Respiratory Syncytial Virus (RSV) Prevention Research Study

A phase 2b/3 Double-Blind, Randomized, Placebo-controlled Study to evaluate the efficacy of MK-1654 in Healthy Pre-term and Full-term infants

Protocol Description

The purpose of this study is to find out if a single injection of an investigational RSV monoclonal antibody (MK-1654) can prevent RSV infection in infants. MK-1654 is a fully human monoclonal antibody with long-half life that targets the RSV F protein. RSV infection is a common infection among infants less than 2 years of age. RSV can cause cold like symptoms with fever and in some children, it can cause lung infection (bronchiolitis) which can result in breathing difficulty and low oxygen level in the blood and dehydration. Currently there are no approved treatments for prevention of RSV infection in healthy infants. Existing preventive treatment (Palivizumab, Synagis) is targeted towards preterm infants born before 29 weeks of gestation or preterm infants with underlying heart or lung problems.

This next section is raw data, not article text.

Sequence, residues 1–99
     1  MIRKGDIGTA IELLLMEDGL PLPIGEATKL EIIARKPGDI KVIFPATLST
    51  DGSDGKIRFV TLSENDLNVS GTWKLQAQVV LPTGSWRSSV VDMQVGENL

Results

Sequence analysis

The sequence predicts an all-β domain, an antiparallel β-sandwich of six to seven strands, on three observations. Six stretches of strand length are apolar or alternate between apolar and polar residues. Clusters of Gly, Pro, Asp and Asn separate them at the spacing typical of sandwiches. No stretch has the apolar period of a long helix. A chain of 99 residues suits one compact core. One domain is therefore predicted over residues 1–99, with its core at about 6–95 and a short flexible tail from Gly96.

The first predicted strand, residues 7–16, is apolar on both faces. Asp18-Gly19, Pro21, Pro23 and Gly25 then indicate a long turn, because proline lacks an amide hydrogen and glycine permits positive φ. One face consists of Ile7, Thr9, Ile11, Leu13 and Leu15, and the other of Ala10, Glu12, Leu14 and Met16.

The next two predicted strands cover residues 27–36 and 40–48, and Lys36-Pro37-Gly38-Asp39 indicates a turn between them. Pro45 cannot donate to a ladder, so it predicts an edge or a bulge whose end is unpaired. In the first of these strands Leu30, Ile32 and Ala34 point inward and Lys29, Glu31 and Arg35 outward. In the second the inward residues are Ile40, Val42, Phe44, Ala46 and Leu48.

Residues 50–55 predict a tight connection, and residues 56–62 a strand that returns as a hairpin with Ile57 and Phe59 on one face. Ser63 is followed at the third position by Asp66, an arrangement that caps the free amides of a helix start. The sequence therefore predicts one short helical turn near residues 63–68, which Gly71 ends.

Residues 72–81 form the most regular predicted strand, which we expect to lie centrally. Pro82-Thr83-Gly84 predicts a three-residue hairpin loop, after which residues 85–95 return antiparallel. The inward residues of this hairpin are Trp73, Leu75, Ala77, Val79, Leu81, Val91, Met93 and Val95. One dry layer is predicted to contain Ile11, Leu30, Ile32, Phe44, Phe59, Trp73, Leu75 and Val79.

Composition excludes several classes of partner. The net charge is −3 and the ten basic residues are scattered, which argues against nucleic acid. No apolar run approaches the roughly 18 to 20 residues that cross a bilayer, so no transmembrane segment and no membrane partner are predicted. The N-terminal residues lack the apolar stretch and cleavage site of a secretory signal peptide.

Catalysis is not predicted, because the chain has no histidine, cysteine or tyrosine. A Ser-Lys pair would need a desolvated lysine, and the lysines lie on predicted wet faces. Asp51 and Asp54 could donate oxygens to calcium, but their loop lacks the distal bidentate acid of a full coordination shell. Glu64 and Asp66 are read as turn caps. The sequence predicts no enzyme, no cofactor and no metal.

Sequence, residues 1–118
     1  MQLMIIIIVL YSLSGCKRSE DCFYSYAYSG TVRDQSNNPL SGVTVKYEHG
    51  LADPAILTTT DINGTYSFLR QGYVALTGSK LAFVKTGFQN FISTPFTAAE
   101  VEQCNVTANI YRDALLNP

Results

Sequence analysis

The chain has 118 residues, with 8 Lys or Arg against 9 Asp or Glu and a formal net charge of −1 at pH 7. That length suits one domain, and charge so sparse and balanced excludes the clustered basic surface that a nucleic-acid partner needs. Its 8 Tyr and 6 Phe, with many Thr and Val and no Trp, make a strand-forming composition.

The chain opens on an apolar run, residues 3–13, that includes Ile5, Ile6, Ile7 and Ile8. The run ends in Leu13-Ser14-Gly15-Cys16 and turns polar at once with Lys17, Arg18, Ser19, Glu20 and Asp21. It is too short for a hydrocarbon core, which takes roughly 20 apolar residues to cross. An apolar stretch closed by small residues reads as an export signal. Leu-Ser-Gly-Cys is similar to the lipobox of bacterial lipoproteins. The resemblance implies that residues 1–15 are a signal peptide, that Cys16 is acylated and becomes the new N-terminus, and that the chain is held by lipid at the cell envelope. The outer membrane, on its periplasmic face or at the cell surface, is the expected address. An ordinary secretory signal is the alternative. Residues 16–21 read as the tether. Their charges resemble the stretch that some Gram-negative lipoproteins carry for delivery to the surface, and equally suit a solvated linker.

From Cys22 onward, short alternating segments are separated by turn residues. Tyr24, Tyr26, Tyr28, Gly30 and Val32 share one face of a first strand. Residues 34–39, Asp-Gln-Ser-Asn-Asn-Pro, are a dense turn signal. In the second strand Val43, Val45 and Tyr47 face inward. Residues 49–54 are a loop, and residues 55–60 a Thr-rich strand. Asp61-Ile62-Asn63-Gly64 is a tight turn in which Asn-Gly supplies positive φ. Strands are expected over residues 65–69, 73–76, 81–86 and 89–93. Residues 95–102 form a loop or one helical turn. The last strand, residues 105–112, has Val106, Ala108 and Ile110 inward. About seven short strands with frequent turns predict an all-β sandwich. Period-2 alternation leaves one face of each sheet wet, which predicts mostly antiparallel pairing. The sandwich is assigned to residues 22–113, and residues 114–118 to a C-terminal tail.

Eligibility Criteria

This study will enroll healthy Infants with a gestational age of ≥29 weeks born after January 1, 2022, who do not qualify for Synagis (Palivizumab).


Participants will complete 6 study visits over 12 months. Study assessments will include medical history, physical exam, blood tests, buccal and nasopharyngeal swabs. In addition, Infants in the study will be closely monitored for respiratory illness through weekly phone calls during the first 6 months (RSV season). Children with signs and symptoms of possible RSV infection will undergo a nasopharyngeal swab for RSV test.

Visits: 6
Duration: 12 months
Number of blood draw: 3
Buccal swab: 1 time, optional
Nasopharyngeal swab: if there are symptoms and signs of respiratory infection

Status: Open for Enrollment

Source(s) of Support


Primary Investigator

Kumaravel Rajkumar, MD, MS

Contact Information

To get started, please contact
Dr. Kumaravel Rajakumar: email:
Mr. Matt Lee (Study Coordinator): phone: 412-692-7806, email: